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Mansions of the Dead (A Sweeney St. George Mystery #2)
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Mansions of the Dead (Sweeney St. George #2)

3.73 of 5 stars 3.73  ·  rating details  ·  224 ratings  ·  24 reviews

When college student Brad Putnam turns up dead in his bedroom in his Boston apartment, Homicide Detective Timothy Quinn is baffled by the crime scene and decides to seek the help of art history professor Sweeney St. George to make sense of the evidence. An expert on "the art of death," Sweeney immediately identifies the objects found on the body as mourning jewelry-and dis
Paperback, 320 pages
Published June 13th 2005 by St. Martin's Paperbacks (first published July 1st 2004)
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Leigh  Porch
May 18, 2008 Leigh Porch rated it 3 of 5 stars  ·  review of another edition
Recommends it for: Art lovers, New England history buffs
Shelves: read-mysteries
This review has been hidden because it contains spoilers. To view it, click here.
Julie Golding Page
When I first started this book, I was a bit wary of the main character and "detective," Sweeney St. George - I liked her quirky character, complete with fiery red hair and vintage clothing, but I wasn't as sure about her academic and personal fascination with gravestones, mourning jewelry and other equally macabre subjects. However, I stuck with her and came to appreciate her by the end. I also enjoyed the setting of Boston and the Cape Cod area, and I will be reading the others in the series to...more
Mark Baker
One of Sweeney's students is found murdered with burial jewelry on his body. Because of his connection to a wealthy and powerful family, it becomes a huge case. But can Sweeney figure out what that jewelry means? Another good mystery, but I didn't care for the new character of Timothy Quinn and his sub-plot.

Read my full review at Carstairs Considers.
Jenn Estepp
a decent mystery, although not particularly remarkable. sweeney is a likable enough amateur sleuth - stronger here than in the first book, although maybe i'm just getting used to her. but, as other have noted, the writing is sometimes a bit laborious and goes on a bit/repeats itself. i think that my major quibble is that stewart obviously did a lot of research and as such seems intent on sharing all that she learned in the course of it with the reader. and sometimes that's just not necessary.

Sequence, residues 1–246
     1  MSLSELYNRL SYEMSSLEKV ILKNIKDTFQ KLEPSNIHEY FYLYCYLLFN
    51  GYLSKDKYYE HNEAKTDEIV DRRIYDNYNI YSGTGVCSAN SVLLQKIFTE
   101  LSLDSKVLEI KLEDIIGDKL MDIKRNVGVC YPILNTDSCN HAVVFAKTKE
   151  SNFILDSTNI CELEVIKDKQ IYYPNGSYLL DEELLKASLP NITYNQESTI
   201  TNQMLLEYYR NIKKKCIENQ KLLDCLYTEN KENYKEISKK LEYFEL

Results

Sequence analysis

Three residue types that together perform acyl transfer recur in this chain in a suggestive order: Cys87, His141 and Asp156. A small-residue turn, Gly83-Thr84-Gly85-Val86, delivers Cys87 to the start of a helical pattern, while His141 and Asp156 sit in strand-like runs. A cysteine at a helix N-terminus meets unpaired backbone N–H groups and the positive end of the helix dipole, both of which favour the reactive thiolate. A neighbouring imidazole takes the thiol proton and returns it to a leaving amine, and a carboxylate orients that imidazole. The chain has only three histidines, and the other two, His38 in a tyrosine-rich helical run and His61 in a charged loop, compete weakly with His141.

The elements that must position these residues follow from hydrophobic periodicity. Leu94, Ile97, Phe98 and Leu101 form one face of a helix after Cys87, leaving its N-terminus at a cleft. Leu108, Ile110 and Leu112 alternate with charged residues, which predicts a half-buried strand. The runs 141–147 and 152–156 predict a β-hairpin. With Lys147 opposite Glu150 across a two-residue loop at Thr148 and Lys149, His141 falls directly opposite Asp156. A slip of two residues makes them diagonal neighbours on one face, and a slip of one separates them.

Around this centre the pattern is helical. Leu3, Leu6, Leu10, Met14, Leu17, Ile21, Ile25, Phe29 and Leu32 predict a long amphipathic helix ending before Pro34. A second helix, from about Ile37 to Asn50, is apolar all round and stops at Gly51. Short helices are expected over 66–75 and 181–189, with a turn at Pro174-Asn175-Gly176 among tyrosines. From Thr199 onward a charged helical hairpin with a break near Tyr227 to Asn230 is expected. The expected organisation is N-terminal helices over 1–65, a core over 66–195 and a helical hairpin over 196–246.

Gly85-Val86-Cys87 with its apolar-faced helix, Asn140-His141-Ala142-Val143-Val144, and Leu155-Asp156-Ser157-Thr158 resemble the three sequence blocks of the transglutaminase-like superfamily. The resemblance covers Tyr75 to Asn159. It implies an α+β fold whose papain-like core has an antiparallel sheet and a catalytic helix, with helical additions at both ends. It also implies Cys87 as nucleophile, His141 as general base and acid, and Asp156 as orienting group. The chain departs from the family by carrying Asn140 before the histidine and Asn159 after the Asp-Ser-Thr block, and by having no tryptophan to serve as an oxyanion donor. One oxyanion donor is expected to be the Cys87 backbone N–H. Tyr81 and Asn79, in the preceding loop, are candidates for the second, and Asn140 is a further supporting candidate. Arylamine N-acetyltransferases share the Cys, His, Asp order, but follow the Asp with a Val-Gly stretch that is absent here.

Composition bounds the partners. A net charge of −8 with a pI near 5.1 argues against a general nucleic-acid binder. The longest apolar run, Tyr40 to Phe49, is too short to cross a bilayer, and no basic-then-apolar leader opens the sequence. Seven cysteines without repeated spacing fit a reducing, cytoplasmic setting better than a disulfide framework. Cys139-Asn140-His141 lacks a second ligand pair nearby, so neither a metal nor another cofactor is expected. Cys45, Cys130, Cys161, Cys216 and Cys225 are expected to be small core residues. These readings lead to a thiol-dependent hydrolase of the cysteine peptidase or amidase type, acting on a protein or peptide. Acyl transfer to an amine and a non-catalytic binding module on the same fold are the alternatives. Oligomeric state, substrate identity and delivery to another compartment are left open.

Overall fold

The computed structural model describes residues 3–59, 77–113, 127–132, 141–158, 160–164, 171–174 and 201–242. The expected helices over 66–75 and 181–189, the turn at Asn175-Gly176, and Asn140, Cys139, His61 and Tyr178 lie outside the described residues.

I probably would have given this book a better rating if the depiction of the police had been a little more believable.
The relationship Detective Timothy Quinn and his partner was confusing and unfocused. The author begins by suggesting that the older of the two, Marino, resents his partner the rookie and then makes nothing of it in their interactions. Their tolerance for the amateur sleuth's meddling is impossible to believe, particularly at the end when they step aside to allow her to deliver...more
Art history Professor Sweeney St. George investigates the murder of one of her students.

Sweeney is asked by police to consult about the death of one of her students, one who perhaps enjoyed her class a bit too much: Brad Putnam is found suffocated in his dorm room, his dead body adorned with nineteenth-century mourning jewelry. The situation is even stickier because he's one of "the" Putnams, a famous and prestigious family — one of the earliest colonial families — and a family whose history is...more
Not a cozy mystery. This is a more complex and intricate story than a cozy. The heroine is also not as stupid as some, as well.